Zirconyl chloride octahydrate (ZrOCl2·8H2O, 98%, Sigma-Aldrich), phosphoric acid (85%, Sigma-Aldrich), tetra-n-butylammonium hydroxide (TBA, Sigma-Aldrich), γ-propyl mercaptotrimethoxysilane (MPTMS, Sigma-Aldrich), hydrogentetrachloroaurate (III) trihydrate (HAuCl4·3H2O, 99.99%, Sigma-Aldrich), tetraoctylammonium bromide (C32H68BrN, VWR), 4-nitrophenol (4-NP, VWR), sodium borohydride (NaBH4, VWR) were used as received. Reagent-grade ethanol, hydrochloric acid (HCl, 37 wt.%), toluene, acetone, and acetonitrile were obtained from common commercial sources and used as received.

2.2 Preparation of single-layer ZrP nanosheets

ZrP micro-crystals were synthesized according to a previously described process [66]. A sample of 6.0 g of ZrOCl2·8H2O mixed with 60.0 mL of 6.0 M H3PO4 was sealed in a Teflon-lined pressure vessel for 24 h at 200 °C. The prepared ZrP micro-crystals (0.10 g in 6.7 mL water) were exfoliated by TBA (3.3 mL of 0.10 M aqueous solution) in an ice bath with the assistance of ultrasonication, followed by a treatment of 3.3 mL of 0.10 M HCl to regenerate the protonated ZrP single-layer nanosheets [67, 68]. The thickness of one ZrP single-layer nanosheet is ca. 6.3 Å [43]. A gelatinous precipitate of the ZrP nanosheets was collected by centrifugation and washed with water to eliminate chloride ions under vigorous stirring. The obtained ZrP nanosheet gel was then washed with acetone and centrifuged to exchange the solvent from water to acetone. This process was repeated three times to ensure most of the water was removed. Subsequently, the ZrP nanosheet gel in acetone solvent was treated by toluene to exchange solvents based on the same procedures and processes described above. This eventually led to the dispersion of ZrP nanosheets in toluene with the assistance of ultrasonication.

2.3 Preparation of thiol groups grafted ZrP nanosheets (ZrP-SH)

Thiol groups were grafted onto the ZrP single-layer nanosheets according to a previously reported method [42]. In general, 300 mL of ZrP nanosheets suspension (in toluene, containing 0.90 g of ZrP nanosheets) was mixed with 14.73 g (75 mmol) of MPTMS in a 500-mL flask and then refluxed and stirred for 24 h under N2 atmosphere. The obtained solid was rinsed with toluene three times, filtered, and vacuum dried. The product was labeled as ZrP-SH.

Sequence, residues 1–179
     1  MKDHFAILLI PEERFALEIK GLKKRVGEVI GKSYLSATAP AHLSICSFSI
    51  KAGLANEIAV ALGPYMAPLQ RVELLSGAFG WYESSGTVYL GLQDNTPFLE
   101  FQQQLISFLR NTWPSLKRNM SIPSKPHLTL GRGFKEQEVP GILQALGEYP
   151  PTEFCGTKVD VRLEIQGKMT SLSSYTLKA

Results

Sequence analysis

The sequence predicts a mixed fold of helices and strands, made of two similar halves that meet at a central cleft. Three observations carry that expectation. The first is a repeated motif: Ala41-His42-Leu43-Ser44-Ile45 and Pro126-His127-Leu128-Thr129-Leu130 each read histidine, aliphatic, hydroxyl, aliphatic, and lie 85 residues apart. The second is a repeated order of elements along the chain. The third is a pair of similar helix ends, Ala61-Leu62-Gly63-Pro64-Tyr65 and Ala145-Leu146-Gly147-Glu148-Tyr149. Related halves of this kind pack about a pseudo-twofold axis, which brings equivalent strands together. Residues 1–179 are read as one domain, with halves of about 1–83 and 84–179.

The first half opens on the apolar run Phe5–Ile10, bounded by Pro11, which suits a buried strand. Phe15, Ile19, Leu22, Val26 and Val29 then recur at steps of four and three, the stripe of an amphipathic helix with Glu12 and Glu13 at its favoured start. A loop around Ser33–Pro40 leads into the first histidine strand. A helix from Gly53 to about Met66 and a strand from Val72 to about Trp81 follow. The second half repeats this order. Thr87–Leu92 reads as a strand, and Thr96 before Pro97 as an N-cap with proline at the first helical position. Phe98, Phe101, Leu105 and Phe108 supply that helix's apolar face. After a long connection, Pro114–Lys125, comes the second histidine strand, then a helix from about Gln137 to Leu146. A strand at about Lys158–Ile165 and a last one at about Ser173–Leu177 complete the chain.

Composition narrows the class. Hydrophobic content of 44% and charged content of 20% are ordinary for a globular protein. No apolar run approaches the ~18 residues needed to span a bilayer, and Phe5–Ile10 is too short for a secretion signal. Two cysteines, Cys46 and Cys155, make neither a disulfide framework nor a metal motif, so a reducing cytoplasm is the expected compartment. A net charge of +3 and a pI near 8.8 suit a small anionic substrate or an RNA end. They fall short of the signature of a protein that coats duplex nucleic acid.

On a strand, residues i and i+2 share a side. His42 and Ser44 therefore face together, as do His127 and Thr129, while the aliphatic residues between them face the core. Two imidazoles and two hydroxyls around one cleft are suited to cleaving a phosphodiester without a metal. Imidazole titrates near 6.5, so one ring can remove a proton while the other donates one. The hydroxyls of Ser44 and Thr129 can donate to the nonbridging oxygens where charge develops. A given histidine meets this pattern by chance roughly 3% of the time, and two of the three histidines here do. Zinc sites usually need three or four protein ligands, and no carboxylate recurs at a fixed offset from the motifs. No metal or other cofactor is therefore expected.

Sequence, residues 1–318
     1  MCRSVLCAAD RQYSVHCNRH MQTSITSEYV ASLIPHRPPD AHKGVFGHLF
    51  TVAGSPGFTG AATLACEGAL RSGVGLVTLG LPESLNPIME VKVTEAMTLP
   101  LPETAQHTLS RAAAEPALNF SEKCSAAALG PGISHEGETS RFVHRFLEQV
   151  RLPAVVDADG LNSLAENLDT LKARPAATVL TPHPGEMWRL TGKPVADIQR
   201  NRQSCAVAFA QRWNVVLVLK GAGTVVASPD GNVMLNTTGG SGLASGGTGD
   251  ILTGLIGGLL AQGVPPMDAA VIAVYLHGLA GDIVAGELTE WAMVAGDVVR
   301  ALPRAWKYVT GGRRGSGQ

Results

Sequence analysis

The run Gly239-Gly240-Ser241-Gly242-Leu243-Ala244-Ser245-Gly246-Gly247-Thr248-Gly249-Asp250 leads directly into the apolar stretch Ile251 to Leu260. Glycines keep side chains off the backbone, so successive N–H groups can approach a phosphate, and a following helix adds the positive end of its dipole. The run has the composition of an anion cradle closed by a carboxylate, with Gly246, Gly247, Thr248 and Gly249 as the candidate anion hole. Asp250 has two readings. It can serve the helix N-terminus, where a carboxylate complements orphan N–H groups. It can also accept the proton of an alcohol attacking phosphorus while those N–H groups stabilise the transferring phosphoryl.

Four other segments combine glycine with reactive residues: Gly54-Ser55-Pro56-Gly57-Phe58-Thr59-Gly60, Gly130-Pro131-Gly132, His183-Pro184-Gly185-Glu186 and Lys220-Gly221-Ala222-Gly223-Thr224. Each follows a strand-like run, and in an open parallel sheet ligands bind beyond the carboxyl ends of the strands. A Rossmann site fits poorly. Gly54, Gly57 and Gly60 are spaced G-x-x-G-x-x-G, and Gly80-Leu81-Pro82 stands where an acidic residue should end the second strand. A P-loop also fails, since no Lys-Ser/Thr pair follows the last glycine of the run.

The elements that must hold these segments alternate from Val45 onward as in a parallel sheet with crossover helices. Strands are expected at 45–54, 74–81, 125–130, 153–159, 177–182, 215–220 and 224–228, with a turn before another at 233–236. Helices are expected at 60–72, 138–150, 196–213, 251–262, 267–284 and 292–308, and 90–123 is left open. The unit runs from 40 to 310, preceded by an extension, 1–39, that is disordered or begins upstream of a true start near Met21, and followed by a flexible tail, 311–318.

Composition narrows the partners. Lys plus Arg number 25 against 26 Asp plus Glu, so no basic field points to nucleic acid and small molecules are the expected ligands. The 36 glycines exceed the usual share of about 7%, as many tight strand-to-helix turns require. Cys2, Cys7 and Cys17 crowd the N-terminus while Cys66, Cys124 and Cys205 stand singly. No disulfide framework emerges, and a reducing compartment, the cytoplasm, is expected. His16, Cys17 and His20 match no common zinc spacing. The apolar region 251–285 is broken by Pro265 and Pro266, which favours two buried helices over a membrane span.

2.4 Immobilization of gold nanoparticles (Au NPs) on ZrP-SH

Gold nanoparticles (Au NPs) were synthesized in a two-phase liquid-liquid system [69]. An aqueous solution of HAuCl4 (0.02 M, 50 mL) (Fig. 1a) was mixed with a solution of C32H68BrN in toluene (0.05 M, 100 mL). The two-phase mixture was vigorously stirred until virtually all of the tetrachloroaurate was transferred into the organic phase with a dark brown color (Fig. 1b). After that, the organic phase containing tetrachloroaurate was added to 0.90 g ZrP-SH dispersed in toluene (Fig. 1c) to form a uniform transparent brown liquid (Fig. 1d). An aqueous solution of NaBH4 (0.05 M, 100 mL) was then added drop-wise to the above solution and stirred vigorously for 3 h. The black organic phase (Fig. 1e) was then separated and evaporated to 10 mL in a rotary evaporator and mixed with 400 mL ethanol, followed by centrifugation to remove impurities. This separation, evaporation, and centrifugation process was repeated three times to obtain the final product ZrP-SH(Au).
Fig. 1

Procedures for the immobilization of Au NPs onto ZrP nanosheets. a Aqueous solution of HAuCl4. b Two-phase mixture of HAuCl4 with C32H68BrN. c ZrP-SH in toluene. d The mixture of c with the upper phase of b. e The mixture of NaBH4 with d

2.5 Characterization

The thermal properties of the samples were characterized by a thermogravimetric analyzer (TGA, TA Instruments model Q50) under an air atmosphere (40 mL/min) at a heating rate of 10 °C/min. Prior to each experiment, the sample was isothermed at 100 °C for 30 min in an argon flow to remove absorbed moisture and then cooled to 50 °C to start the analysis.

The X-ray diffraction (XRD) patterns were collected using a Bruker D8 diffractometer with Bragg-Brentano θ-2θ geometry (40 kV and 30 mA), equipped with a graphite monochromatic Cu Kα (λ = 0.1540 nm) radiation.

The X-ray photoelectron spectra (XPS) were recorded on an ESCALAB250 (Thermo-VG Scientific, USA) spectrometer. A monochromatized Al Kα (1486.6 eV, 15 kV and 150 W) source was used for characterization. The spectra were recorded with a pass energy of 100 eV, and C 1s line (284.6 eV) was used as a reference to adjust the electrostatic charge. The ultraviolet-visible (UV–Vis) spectra were collected on a CARY 100 Bio UV–Vis spectrophotometer (Varian, USA).

The specific surface area (SBET, m2/g) was estimated based on the N2 adsorption at the liquid nitrogen temperature on a NOVE 1000 Surface Area Analyzer (Quantachrome Instruments, USA). The samples were degassed at 150 °C for 2 h prior to each measurement.

The surface morphology of the samples was recorded on an FEI Strata 400S field emission scanning electron microscopy (SEM). Transmission electron microscopy (TEM) images were observed on a JEOL 2010F (Japan) field emission TEM with an accelerating voltage of 200 kV. The samples were deposited on a copper grid and dried prior to imaging.

2.6 Catalysis evaluation

ZrP-SH(Au) (1.0, 3.0, 5.0, and 7.0 mg) was added to an aqueous solution mixture of NaBH4 (0.50 M, 2.0 mL) and 4-NP (1.0 mM, 1.0 mL) in a quartz cell (1 cm path length). The cell was quickly placed in the cell holder of the UV–Vis spectrophotometer. The conversion of 4-NP to 4-AP was monitored by UV–Vis spectroscopy as a function of time. The time-dependent adsorption spectra of the reaction mixture with time intervals of 1 or 2 min in the range of 250–550 nm at room temperature were recorded. The rate constants of the reduction reaction were determined by measuring the change in absorbance at 400 nm as a function of time.